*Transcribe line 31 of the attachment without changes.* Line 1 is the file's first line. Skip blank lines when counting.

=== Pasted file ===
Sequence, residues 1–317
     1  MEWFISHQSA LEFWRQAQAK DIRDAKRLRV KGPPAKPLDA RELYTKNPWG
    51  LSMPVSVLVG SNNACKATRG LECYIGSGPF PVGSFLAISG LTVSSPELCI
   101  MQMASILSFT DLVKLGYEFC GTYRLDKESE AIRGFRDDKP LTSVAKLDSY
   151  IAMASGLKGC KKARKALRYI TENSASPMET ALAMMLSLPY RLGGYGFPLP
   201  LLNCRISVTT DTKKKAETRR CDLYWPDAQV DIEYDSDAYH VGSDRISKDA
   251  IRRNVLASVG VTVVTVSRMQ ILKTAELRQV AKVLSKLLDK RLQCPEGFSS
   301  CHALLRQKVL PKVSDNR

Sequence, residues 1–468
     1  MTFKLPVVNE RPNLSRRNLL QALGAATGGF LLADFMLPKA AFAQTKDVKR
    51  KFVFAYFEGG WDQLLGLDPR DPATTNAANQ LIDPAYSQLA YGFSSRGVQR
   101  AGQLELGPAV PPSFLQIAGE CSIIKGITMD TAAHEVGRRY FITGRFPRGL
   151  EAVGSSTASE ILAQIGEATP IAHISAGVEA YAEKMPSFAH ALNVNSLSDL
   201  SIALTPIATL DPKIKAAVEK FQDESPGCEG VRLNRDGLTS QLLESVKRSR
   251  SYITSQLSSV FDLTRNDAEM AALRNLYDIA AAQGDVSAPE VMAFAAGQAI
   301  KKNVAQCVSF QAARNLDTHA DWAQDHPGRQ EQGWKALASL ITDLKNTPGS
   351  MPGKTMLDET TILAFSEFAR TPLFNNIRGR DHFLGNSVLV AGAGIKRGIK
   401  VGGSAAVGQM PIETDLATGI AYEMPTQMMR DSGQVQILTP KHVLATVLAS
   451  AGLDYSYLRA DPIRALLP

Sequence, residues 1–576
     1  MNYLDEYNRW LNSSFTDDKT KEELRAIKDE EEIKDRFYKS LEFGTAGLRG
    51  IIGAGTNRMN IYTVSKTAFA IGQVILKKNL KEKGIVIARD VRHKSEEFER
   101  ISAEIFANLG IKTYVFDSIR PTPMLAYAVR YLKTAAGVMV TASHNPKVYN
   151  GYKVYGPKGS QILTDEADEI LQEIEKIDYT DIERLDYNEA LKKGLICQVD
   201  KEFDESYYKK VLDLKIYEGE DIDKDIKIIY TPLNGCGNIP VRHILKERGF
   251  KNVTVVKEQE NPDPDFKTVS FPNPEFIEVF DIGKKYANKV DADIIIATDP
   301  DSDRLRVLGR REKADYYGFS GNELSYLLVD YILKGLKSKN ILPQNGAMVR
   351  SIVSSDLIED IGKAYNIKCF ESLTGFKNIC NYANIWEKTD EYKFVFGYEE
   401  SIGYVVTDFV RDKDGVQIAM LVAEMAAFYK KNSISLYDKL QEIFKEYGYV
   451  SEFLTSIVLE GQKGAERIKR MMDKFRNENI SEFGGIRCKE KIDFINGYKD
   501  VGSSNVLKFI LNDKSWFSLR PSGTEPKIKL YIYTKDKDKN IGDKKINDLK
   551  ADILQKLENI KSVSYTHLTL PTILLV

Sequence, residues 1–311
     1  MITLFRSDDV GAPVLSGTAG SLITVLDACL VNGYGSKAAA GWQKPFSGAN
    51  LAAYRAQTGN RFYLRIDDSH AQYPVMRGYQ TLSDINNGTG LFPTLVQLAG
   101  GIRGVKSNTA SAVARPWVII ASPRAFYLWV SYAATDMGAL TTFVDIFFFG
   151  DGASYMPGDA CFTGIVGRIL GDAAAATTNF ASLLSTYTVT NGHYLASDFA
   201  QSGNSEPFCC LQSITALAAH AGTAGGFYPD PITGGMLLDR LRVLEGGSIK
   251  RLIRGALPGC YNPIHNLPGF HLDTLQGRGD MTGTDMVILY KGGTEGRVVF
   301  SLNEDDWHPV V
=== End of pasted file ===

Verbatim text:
   501  VGSSNVLKFI LNDKSWFSLR PSGTEPKIKL YIYTKDKDKN IGDKKINDLK